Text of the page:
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Is the Burnaby school district unprepared for development in Brentwood?

Parents are concerned about overcrowded schools, but the school board has been 'very proactive' about making sure the province knows what Burnaby needs, says secretary-treasurer Russell Horswill.

A couple expecting their first child took to Reddit recently to get feedback on whether settling in Burnaby’s Brentwood neighbourhood is a good idea.

Fellow redditors had lots to say, but overcrowded schools was a common theme, and they said the problem is only going to get worse once the many condo towers under construction in Brentwood fill with more families.

“There are no new schools in the area,” said one commenter. “Big oversight on the part of the city and school district. The old school at Brentwood Park can’t take all the new kids.”

“Brentwood Park Elementary is massively overpacked,” read another post.

“It’ll come down to the schools around the area,” read a third. “You’ll have to do your own research for that part, but I’ve heard where there’s mega tower developments, the school districts have been unprepared.”

Julia Browning, mother of a Brentwood Park Elementary School student, has lived in a condo in the neighbourhood for about four years.

She told the NOW some students were put into temporary classrooms in the school’s library and gym while the district was adding portables to deal with increased enrolment.

“My son once a month will come home and say, ‘Oh, I have a new kid in my class; oh, I have a new kid in my class,’” Browning said.

With all this “quick growth,” she said she’s concerned, not just about a lack of space, but also about continuity for her son’s education and a shortage of teaching resources, like teachers and education assistants.

“It’s hard for the school when they have so many new kids starting that aren’t planned for,” Browning said.

‘We tend to have to outgrow our schools’

But the need for a new school in the Brentwood town centre has long been on the school district’s radar, according to secretary-treasurer Russell Horswill.

He pointed to the district’s 2018 long range facilities plan, which projected the development-driven enrolment tsunami and outlined the need for new schools, especially in the Brentwood and Lougheed town centres.

And the district’s annual five-year capital plans have included requests to the province for money to buy land and build new schools.

“We were well aware the growth was coming,” Horswill said in an interview with the NOW. “I would say that the board has been very proactive in identifying the needs and moving those capital requests forward.”

If Brentwood schools are overcrowded, longtime school trustee Larry Hayes suggested it isn’t the school district’s lack of planning but the province’s approach to funding new schools that’s to blame.

“We all know, and I think everybody in Burnaby knows, there’s going to be tremendous growth at Lougheed, tremendous growth at Metrotown, tremendous growth in Edmonds and tremendous growth in Brentwood,” Hayes told a public school board meeting Tuesday, “but the government, from what I understand, aren’t going to just say, ‘OK, we’re going to give you a new school in each of those areas because of the potential of that growth.’”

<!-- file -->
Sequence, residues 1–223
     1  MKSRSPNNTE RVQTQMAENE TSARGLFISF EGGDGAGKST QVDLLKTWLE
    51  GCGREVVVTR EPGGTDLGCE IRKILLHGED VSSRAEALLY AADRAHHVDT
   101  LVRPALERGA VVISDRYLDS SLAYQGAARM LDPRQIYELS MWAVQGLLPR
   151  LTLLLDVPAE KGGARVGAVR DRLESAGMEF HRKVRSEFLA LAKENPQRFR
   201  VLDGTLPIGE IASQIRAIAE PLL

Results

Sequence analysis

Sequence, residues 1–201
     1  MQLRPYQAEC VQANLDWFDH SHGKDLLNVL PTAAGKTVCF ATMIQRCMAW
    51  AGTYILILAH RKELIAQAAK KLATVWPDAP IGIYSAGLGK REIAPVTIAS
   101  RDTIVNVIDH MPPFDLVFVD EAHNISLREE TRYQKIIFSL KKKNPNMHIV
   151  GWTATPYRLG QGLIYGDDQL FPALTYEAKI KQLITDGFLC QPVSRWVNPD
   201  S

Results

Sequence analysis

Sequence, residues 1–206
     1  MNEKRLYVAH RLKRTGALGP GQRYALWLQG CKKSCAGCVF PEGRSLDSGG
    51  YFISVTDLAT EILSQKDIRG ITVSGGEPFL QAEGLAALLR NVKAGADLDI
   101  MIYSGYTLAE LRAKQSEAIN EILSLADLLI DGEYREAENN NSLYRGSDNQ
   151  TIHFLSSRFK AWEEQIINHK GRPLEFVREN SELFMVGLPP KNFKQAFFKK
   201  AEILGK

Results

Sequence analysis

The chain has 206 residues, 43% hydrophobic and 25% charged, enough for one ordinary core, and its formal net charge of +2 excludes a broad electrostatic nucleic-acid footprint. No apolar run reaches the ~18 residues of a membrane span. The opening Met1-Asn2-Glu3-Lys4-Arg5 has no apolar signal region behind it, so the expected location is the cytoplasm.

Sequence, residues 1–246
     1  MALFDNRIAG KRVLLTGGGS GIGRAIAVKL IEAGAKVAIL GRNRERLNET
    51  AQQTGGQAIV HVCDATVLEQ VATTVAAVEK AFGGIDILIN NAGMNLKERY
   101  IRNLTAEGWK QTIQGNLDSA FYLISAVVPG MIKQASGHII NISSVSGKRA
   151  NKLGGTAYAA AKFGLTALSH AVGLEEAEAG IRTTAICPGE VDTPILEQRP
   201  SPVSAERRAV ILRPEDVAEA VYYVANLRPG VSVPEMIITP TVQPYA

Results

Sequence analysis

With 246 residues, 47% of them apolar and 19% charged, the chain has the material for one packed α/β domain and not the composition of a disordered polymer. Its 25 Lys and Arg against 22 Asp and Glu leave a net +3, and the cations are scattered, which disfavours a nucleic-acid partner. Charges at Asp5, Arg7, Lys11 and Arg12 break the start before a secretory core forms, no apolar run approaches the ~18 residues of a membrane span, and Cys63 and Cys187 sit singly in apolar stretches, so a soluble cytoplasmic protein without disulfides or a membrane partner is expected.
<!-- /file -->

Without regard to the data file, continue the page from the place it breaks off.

Horswill agreed.

“Yes, we tend to have to outgrow our schools, which results in portable classrooms being installed, and once you’ve grown enough and there’s enough portables, it then gets to justify either school additions or brand new replacement schools or new schools,” he said at the meeting. “Building schools on the anticipation isn’t necessarily something that’s supported.”

That being said, the district’s long-range facilities plan is a “very important document,” according to Horswill, and has had “significant impact” in the district’s conversation with government about Burnaby’s needs.

Brentwood town centre school site?

The district has just launched public consultations for a new long-range plan, starting with an in-person drop-in session about the district’s central west zone tonight (Jan. 25) between 5 and 8 p.m. at the school board office (4054 Norfolk St).

There will be four such sessions, one for each zone, where parents, students and the general public can give input on growth and potential solutions for dealing with it.

In a discussion document for Brentwood North, the district says a new school is needed for Brentwood town centre and a new school site needs to be secured, but there is a lack of available land.

The masterplan for Concord Brentwood, a development that will see a total of 10 condo towers and retail space built in a former industrial area south of Lougheed Highway, has long included a “proposed school” site in its promotional materials.

The site is a vacant piece of city owned land at 4900 Dawson St.

One commenter on Reddit linked to the master plan and said Concord “is putting in a school at their development.”

But Horswill said no decisions have yet been made about the future school’s location.

“All options are being considered, including tower schools, standalone schools and looking for other ways to work with the community to get a school into that area,” he said. “There’s very limited land available within the town centre development, so it’s been a challenge.”

When asked whether the district has talked to the city about the Dawson Street site, Horswill sidestepped the question.

“The district is in ongoing conversations all the time with the City of Burnaby,” he said. “We work quite closely together to look at school land issues in all four town centres.”

To have your say on the school district’s long-range facilities plan, drop in on an in-person session or give feedback online by visiting the school district website.

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Follow Cornelia Naylor on Twitter @CorNaylor
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